Bottega makes one of the best, if not the best, Napoli style pizza in Montreal—but can the same be said for Laval?
Bottega Laval opened on St Martin Blvd, supplying an urban feel to an area otherwise saturated with suburban establishments. A terrace, which provides more of an urban feel, gives way to glass walls which allow passer-by’s a glimpse of all of the beautiful people sipping Pelligrino and wine.
Like the one in Little Italy, Bottega Laval is busy so reserve ahead of time. On my second visit I showed up without a reservation on a Saturday night at 5:30PM, but to the floor manager’s credit they found us a table; we were told, however, that the table would be needed by 7:00. Fair enough, and seeing as how the pizzas at Bottega take 90 seconds to cook, I figured it wouldn’t be a problem.
Let’s begin with the appetisers, which at Bottega are called sfizi’s. The Bacio della Bottega, not-so-little pizza buns stuffed with prosciutto, mushrooms, ricotta and mozzarella served with some greens over top were hot and delicious, it was difficult not to have more than one. The meatballs, while tender, were pretty bland. The salsiccia e rapini appetiser was a total hit: the fennel sausage—served hot right off the grill—was slightly spicy and not at all dry, the rapini was tender and nothing like the bitter, vile weed my parents force fed me as a kid. The grilled octopus in tomato sauce was good enough, but the octopus tasted braised more than it did grilled—the tomato sauce, which held everything together, was plenty flavourful and perfect for dipping bread into. The only miss was the calamari, which were dark and soggy. The excess of oil was probably due to the staggering number of squid coming out of the kitchen—the oil never had a chance to heat up: never fry anything in warm oil, instead of batter that crisps up you get a batter that absorbs like a sponge.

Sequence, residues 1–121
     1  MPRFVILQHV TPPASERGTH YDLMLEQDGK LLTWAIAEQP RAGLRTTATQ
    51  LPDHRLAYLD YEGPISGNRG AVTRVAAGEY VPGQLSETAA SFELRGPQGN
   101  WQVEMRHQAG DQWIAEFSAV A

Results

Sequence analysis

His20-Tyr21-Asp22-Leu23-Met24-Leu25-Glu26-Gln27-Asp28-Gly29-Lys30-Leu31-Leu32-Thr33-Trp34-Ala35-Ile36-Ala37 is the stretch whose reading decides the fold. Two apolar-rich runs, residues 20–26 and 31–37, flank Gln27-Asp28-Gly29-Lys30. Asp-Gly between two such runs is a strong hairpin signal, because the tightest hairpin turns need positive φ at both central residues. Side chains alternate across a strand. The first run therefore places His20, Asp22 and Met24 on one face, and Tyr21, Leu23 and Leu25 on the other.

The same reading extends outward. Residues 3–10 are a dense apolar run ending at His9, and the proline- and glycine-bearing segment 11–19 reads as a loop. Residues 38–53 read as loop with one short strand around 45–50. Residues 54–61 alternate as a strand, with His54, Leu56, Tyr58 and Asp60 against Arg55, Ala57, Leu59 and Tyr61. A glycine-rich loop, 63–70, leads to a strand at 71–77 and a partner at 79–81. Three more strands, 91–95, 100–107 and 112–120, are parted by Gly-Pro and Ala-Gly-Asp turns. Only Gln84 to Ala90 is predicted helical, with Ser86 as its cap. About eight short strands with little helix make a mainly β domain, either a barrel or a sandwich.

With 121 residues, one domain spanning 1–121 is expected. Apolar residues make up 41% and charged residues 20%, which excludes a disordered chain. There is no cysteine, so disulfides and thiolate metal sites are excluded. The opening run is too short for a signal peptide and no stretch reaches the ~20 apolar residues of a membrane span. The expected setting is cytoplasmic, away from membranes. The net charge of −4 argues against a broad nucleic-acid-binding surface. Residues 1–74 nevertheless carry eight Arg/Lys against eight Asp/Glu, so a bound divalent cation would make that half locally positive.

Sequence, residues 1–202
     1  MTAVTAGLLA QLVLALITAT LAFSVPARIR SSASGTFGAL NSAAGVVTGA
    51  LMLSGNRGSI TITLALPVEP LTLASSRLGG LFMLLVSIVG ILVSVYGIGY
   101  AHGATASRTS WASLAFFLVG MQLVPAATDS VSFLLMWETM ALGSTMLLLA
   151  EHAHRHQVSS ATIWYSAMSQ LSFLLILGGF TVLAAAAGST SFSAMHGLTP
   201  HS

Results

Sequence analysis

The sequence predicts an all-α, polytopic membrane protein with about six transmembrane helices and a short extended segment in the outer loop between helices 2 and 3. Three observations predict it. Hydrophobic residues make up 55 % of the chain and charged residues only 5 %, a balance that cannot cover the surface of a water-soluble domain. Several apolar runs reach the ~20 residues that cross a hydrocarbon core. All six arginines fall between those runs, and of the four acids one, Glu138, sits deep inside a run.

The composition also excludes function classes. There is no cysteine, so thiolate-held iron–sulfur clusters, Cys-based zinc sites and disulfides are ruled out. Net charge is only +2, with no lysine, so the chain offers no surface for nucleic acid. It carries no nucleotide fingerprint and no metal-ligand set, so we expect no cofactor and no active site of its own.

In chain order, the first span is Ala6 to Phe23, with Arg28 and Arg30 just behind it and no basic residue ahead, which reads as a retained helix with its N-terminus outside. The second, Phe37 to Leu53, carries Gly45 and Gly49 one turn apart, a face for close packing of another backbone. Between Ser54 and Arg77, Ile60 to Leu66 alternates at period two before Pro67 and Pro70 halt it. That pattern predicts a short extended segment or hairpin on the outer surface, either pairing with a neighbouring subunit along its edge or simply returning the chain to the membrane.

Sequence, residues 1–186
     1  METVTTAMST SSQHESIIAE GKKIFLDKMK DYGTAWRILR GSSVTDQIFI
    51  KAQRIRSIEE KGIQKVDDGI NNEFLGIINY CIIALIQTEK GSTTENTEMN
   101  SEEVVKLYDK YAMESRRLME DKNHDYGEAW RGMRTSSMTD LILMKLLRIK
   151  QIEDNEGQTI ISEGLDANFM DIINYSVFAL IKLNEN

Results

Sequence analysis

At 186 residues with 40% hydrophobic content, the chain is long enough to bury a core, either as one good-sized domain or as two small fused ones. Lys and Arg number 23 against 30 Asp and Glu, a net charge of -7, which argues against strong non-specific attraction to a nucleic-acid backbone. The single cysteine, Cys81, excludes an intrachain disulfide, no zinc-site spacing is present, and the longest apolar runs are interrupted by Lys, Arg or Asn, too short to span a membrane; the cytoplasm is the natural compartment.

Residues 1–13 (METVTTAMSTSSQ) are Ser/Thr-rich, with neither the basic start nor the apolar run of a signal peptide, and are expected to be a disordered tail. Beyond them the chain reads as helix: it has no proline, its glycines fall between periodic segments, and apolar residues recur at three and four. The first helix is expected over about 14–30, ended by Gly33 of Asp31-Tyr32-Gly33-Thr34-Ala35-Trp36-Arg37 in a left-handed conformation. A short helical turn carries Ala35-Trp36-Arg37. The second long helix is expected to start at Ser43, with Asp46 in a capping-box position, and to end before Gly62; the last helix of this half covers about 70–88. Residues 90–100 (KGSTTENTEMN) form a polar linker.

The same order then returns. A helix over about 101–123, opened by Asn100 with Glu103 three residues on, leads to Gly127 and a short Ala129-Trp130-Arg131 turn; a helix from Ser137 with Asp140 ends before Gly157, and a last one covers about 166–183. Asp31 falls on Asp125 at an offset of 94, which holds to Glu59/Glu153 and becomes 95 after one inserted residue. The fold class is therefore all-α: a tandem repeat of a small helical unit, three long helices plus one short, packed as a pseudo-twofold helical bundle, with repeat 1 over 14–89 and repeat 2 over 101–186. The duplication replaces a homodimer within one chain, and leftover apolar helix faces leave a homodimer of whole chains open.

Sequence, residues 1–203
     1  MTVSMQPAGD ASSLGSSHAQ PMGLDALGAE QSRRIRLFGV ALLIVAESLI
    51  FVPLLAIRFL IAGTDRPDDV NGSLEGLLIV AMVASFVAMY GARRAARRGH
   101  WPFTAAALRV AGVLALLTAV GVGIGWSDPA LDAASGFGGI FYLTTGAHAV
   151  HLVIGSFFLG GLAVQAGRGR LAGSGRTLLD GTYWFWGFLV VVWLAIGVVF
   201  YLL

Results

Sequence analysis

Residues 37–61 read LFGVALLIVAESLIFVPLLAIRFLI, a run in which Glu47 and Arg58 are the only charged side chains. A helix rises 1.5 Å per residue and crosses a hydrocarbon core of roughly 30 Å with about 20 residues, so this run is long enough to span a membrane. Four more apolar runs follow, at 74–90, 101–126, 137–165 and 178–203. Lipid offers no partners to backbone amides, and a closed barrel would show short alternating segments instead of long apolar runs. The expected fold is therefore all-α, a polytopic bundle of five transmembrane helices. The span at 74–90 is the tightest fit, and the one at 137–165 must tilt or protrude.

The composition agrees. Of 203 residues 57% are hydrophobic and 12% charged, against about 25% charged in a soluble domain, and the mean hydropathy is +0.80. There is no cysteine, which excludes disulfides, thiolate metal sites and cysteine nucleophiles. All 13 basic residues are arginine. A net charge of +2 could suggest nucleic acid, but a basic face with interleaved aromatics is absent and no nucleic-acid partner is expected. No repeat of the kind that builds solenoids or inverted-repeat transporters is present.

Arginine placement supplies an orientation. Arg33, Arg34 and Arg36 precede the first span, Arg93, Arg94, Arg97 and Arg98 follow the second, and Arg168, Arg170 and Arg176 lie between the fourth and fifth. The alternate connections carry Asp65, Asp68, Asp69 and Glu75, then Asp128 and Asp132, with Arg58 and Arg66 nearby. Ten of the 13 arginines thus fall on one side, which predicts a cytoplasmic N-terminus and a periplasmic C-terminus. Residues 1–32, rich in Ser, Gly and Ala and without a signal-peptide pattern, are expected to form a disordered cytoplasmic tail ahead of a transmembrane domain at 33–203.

On to the main event: the pizzas at Bottega are indeed marvellous. The crust is both chewy and crispy. It seems that over the years Montreal has equated Italian pizza as being nothing but a cracker with some toppings on it, not so—pizza in Italy has many forms, but crusts resembling a Carrs cracker is not one of them. The crust at Bottega is also cooked well, the outer rim blistering with blackened bubbles, as any good pizza should be. The margarita and romana pizzas (pizzas cost between $14.00 and $20.00) really showcase the wonderful ingredients used at Bottega. The toppings are sparse—as they should be—the tomato sauce is pure, simple and a real joy to eat. The calzone was also really good; again the ingredients (the crust being one of them) make the difference.
The desserts were a great end to a terrific meal-the tiramisu, served very stylishly- was light and fresh, the gelato (I sampled a sesame seed and a hazelnut gelato) was the best I’ve ever had here in Montreal: light, flavourful and just the right temperature and consistency.
So I would have to say that Laval finally does have great pizza, in fact, I feel confident in saying that Bottega does make the best pizza in Laval.